1. ^ a b c Lazzaro, D.; Angeli, C. A.; Carvano, J. M.; Mothé-Diniz, T.; Duffard, R.; Florczak, M. (November 2004). "S3OS2: the visible spectroscopic survey of 820 asteroids" (PDF). Icarus. 172 (1): 179–220. Bibcode:2004Icar..172..179L. doi:10.1016/j.icarus.2004.06.006. Retrieved 22 December 2017. 
  2. ^ Chapman, C. R.; Morrison, D.; Zellner, B. (1975). "Surface properties of asteroids: A synthesis of polarimetry, radiometry, and spectrophotometry". Icarus. 25 (1): 104–130. Bibcode:1975Icar...25..104C. doi:10.1016/0019-1035(75)90191-8. 
  3. ^ Thomas H. Burbine: Asteroids – Astronomical and Geological Bodies. Cambridge University Press, Cambridge 2016, ISBN 978-1-10-709684-4, p.163, Asteroid Taxonomy
  4. ^ Bus, S. J.; Vilas, F.; Barucci, M. A. (2002). "Visible-wavelength spectroscopy of asteroids". Asteroids III. Tucson: University of Arizona Press. p. 169. ISBN 978-0-8165-2281-1. 
  5. ^ Cellino, A.; Bus, S. J.; Doressoundiram, A.; Lazzaro, D. (March 2002). "Spectroscopic Properties of Asteroid Families" (PDF). Asteroids III: 633–643. Retrieved 27 October 2017.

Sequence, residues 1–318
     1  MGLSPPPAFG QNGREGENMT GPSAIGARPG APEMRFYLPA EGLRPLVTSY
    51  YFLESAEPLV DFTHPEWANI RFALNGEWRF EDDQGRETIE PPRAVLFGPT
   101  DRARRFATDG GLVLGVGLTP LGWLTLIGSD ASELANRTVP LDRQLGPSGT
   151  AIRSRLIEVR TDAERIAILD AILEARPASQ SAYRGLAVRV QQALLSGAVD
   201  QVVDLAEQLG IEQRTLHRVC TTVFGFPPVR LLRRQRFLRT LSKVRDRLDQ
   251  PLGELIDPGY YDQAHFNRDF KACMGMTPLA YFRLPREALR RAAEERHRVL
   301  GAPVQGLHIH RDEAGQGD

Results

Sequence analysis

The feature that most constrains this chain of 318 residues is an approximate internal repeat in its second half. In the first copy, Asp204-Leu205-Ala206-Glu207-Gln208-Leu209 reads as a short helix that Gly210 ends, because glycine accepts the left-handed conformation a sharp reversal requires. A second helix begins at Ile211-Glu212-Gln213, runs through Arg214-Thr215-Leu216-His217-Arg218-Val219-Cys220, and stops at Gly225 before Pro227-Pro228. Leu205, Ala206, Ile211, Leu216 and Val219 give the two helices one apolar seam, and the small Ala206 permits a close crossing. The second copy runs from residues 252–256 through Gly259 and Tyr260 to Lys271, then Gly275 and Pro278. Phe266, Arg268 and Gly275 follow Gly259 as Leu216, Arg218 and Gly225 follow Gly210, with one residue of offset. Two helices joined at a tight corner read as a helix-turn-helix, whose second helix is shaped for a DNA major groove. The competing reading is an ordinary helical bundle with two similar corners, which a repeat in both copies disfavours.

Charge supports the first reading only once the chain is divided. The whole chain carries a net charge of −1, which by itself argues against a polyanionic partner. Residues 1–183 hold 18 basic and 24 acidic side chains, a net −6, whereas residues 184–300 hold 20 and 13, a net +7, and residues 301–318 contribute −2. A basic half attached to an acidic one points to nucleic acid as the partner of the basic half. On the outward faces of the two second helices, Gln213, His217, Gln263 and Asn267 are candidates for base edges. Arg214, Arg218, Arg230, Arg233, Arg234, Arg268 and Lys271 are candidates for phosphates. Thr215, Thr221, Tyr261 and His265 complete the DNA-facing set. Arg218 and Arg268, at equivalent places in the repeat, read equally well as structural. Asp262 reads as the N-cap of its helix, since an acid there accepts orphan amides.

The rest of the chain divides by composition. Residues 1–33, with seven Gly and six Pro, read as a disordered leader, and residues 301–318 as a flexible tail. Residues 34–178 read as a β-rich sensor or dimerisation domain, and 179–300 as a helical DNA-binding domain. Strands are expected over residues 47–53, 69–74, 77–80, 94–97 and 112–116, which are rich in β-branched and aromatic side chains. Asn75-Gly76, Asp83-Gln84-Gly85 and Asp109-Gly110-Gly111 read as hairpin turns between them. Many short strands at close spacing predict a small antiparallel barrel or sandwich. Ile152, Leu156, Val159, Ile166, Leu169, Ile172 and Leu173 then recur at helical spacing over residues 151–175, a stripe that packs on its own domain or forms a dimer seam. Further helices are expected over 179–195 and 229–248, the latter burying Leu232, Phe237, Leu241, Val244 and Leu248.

6. ^ a b DeMeo, Francesca E.; Binzel, Richard P.; Slivan, Stephen M.; Bus, Schelte J. (July 2009). "An extension of the Bus asteroid taxonomy into the near-infrared" (PDF). Icarus. 202 (1): 160–180. Bibcode:2009Icar..202..160D. doi:10.1016/j.icarus.2009.02.005. Archived from the original on 17 March 2014. Retrieved 28 March 2018.  (Catalog at PDS)
  7. ^ Tholen, D. J. (1989). "Asteroid taxonomic classifications". Asteroids II. Tucson: University of Arizona Press. pp. 1139–1150. ISBN 978-0-8165-1123-5. 
  8. ^ a b c David J. Tholen. "Taxonomic Classifications Of Asteroids – Notes". Retrieved 24 August 2017. 
  9. ^ Bus, S. J.; Binzel, R. P. (2002). "Phase II of the Small Main-belt Asteroid Spectroscopy Survey: A feature-based taxonomy". Icarus. 158 (1): 146–177. Bibcode:2002Icar..158..146B. doi:10.1006/icar.2002.6856. 
  10. ^ a b Fornasier, S.; Dotto, E.; Hainaut, O.; Marzari, F.; Boehnhardt, H.; De Luise, F.; et al. (October 2007). "Visible spectroscopic and photometric survey of Jupiter Trojans: Final results on dynamical families". Icarus. 190 (2): 622–642. arXiv:0704.0350Freely accessible. Bibcode:2007Icar..190..622F. doi:10.1016/j.icarus.2007.03.033.